Previously, I posted a tutorial on Raspberry Pi-Pico Oscilloscope. And that was a great success. Keeping portable options in mind, I found this pretty mini oscilloscope between thousands of pages of a Japanese website. We are using a mini-OLED 128X64 to display the signal waveform, Frequency, duty cycle. 4 tactile buttons are used to change the modes, Volts/Divisions, and time/Divisions. So, I tried this, and the results are here.


Note* This project is only for educational purposes and shows the capabilities of a 16Mhz 8-bit microcontroller board. This MCU Can support frequencies below 50KHz, so it can’t be applicable for commercial and professional uses. That way, the project can also be entitled POOR MAN OSCILLOSCOPE for me.

Arduino Nano/Uno:

Both the boards have the same 8-bit Atmega328p microcontroller to use any of them. This tutorial uses I2C communication to print the readings on an OLED display. Our microcontroller has 6-channel 10-bit ADC, 13 digital I/O pins, and an 8Mhz internal clock.

audio signal.gif

That's why I tried the project on breadboard first. I want to know the plus/minus points of this oscilloscope. This project is sponsored By JLCPCB, Pcb, code and circuit diagram to this project is given below. Download all Gerber file from here and Quote for PCB on JLCPCB just in $2, On first sign-up from here you will get worth $30 coupons to order PCB.

For PC: mobile phone:


  • Single-channel -20Khz bandwidth
  • Onscreen- Volt/Div and Time/Div
  • Duty cycle monitoring
  • Small 0.96-inch I2C
  • AC/DC measurements option
  • Mode changing, Hold state features
  • Low battery consumption
  • Portable and pocket-sized



0.96-inch OLED display with I2C function comes with two different models, SSD1306 and SH1106, to change the code as per requirements. We have to uncomment which version of LCD we are using in this project.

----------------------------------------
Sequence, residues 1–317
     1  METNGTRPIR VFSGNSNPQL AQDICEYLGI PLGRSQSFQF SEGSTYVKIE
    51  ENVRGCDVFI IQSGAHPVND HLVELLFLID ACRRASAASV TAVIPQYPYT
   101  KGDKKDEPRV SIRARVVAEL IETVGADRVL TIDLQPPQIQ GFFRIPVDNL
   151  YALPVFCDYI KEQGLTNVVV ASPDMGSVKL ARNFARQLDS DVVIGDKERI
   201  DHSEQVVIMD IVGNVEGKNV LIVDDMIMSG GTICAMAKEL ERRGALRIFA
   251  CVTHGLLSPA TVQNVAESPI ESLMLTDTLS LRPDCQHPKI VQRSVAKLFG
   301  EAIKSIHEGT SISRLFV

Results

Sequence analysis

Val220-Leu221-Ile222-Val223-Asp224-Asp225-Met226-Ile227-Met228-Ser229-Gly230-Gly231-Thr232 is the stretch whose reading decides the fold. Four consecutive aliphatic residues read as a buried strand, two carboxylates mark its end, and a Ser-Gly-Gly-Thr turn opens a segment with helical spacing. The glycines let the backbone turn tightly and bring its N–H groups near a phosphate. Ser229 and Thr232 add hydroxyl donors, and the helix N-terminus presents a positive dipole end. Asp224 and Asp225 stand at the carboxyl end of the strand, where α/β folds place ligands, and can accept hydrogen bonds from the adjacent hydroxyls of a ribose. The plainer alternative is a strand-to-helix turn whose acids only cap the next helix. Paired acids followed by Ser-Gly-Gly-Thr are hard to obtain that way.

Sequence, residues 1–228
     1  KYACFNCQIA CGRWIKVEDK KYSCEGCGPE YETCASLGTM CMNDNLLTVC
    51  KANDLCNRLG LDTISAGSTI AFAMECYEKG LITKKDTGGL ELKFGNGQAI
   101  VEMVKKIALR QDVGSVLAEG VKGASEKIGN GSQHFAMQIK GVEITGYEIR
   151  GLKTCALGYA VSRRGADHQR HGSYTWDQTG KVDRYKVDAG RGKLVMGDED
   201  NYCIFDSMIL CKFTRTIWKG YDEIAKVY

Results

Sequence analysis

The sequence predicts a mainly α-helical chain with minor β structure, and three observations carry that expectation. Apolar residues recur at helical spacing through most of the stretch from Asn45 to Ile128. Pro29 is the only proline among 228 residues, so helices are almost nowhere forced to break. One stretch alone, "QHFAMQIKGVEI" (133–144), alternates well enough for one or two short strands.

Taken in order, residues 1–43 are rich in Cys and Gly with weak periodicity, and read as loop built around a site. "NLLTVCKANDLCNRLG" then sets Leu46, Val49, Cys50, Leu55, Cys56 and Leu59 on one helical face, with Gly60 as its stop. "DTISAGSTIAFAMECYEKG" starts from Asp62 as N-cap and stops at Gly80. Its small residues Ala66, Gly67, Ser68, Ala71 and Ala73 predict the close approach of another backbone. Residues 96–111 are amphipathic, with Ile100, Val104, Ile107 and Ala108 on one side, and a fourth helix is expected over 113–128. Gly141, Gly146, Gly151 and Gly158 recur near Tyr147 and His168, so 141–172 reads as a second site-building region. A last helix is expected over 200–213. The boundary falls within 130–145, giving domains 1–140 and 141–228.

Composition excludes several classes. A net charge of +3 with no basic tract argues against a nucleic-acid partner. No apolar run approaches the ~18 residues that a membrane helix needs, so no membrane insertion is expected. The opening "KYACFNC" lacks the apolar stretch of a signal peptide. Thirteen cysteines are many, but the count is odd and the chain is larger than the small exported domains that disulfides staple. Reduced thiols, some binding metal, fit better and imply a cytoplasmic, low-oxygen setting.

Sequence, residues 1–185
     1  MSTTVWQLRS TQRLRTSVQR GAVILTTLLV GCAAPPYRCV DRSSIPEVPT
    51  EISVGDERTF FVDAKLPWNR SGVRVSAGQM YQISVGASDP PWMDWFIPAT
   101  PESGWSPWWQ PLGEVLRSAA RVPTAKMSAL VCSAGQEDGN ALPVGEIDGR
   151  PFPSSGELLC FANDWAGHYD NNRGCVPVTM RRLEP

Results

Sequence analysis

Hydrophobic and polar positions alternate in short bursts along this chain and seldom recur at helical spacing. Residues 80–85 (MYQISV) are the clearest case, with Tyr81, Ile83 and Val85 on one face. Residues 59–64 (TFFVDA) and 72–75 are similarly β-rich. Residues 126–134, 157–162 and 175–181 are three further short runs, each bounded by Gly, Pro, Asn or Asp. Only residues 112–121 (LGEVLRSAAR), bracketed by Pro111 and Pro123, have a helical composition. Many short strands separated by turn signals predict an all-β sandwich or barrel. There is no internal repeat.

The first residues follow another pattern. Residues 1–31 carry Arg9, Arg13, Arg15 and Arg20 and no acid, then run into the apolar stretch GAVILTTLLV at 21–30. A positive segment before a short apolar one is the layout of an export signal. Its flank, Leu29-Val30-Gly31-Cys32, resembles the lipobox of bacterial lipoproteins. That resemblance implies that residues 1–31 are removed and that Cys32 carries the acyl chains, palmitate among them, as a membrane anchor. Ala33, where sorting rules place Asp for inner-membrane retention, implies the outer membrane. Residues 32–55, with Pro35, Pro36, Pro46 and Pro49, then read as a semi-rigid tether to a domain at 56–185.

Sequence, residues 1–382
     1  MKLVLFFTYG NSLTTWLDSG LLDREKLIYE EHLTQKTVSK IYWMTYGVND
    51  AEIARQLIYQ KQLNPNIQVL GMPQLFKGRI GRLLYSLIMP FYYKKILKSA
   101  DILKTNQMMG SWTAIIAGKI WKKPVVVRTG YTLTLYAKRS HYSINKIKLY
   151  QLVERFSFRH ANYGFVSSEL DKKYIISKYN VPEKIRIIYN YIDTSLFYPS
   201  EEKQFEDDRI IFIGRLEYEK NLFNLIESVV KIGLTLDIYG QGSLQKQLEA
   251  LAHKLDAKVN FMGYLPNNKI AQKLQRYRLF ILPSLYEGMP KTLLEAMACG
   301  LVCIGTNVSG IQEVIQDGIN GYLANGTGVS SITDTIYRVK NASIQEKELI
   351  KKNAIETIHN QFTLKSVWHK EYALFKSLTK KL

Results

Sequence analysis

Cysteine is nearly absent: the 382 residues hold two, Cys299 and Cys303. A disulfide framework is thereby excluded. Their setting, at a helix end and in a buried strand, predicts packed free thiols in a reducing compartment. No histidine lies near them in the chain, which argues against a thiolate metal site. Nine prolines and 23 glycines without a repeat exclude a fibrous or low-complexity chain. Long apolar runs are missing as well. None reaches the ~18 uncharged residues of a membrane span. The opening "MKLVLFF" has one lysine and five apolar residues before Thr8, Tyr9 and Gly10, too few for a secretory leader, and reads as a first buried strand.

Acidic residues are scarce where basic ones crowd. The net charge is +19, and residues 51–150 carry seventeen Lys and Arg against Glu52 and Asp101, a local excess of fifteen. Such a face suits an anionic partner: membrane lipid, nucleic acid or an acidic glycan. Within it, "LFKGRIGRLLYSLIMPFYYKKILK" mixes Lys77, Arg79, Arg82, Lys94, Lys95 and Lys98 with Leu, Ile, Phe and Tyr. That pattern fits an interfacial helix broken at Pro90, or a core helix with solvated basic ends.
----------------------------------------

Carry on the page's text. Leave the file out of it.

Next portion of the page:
Components used:

  • Arduino Nano
  • 128X64 OLED display
  • 100k, 10k, 820k, 510k, 12k resistors
  • 100nf, 7pf, 1uf ceramic disc capacitors
  • Tactile switch x4
  • Breadboard
  • Connecting wires

Circuit diagram:


Circuit description:

After making all the connections, this oscilloscope can be powered by a 5v @100mA power supply or 3.7 volt Battery. Significantly fewer external components are used in this project; also, it supports several actions. Here MODE button is to select the volt/div, time/div, AC/DC, and 180* wave settings.


After selecting the Mode, we can either increase the value or decrease per wave format. For Volts/divisions: This oscilloscope supports a division from 0.2volts to 50volts.


For Time/Div: Code is modified to display small divisions in microseconds, 1.56 microseconds to 200milli-seconds.



  • With 50Hz sine wave:

I tried to hook upthis oscilloscope directly with Step down transformer AC signal and here are the results:


  • With 300HZ sine wave:

  • With triangular wave:

  • With rectangular wave:

  • With sawtooth wave:

Libraries used:

OLED display SSD1306, SH1106, Fix_fft and EEPROM libraries are available in Arduino Mange library section. From here you can download as per your needs.



Download all the material regarding this project from here.

Arduino oscilloscope.png


This oscilloscope is suitable for analyzing waveforms between 10Hz to 20Khz. That is precisely human hearing frequency. So, we can use this to measure audio signals, amplifier signals, and different Bluetooth signals. This oscilloscope should be a good try for them. Also, I think precision matters a lot in signals. If you want to go professional but cheaper, I would recommend DSO138. But this is about 4x the cost of this Arduino oscilloscope, but this one has an analog frequency range of 200khz.


In comparison with This DSO, I have An Article about Raspberry Pi- Pico Oscilloscope, which offers android application compatibility,...

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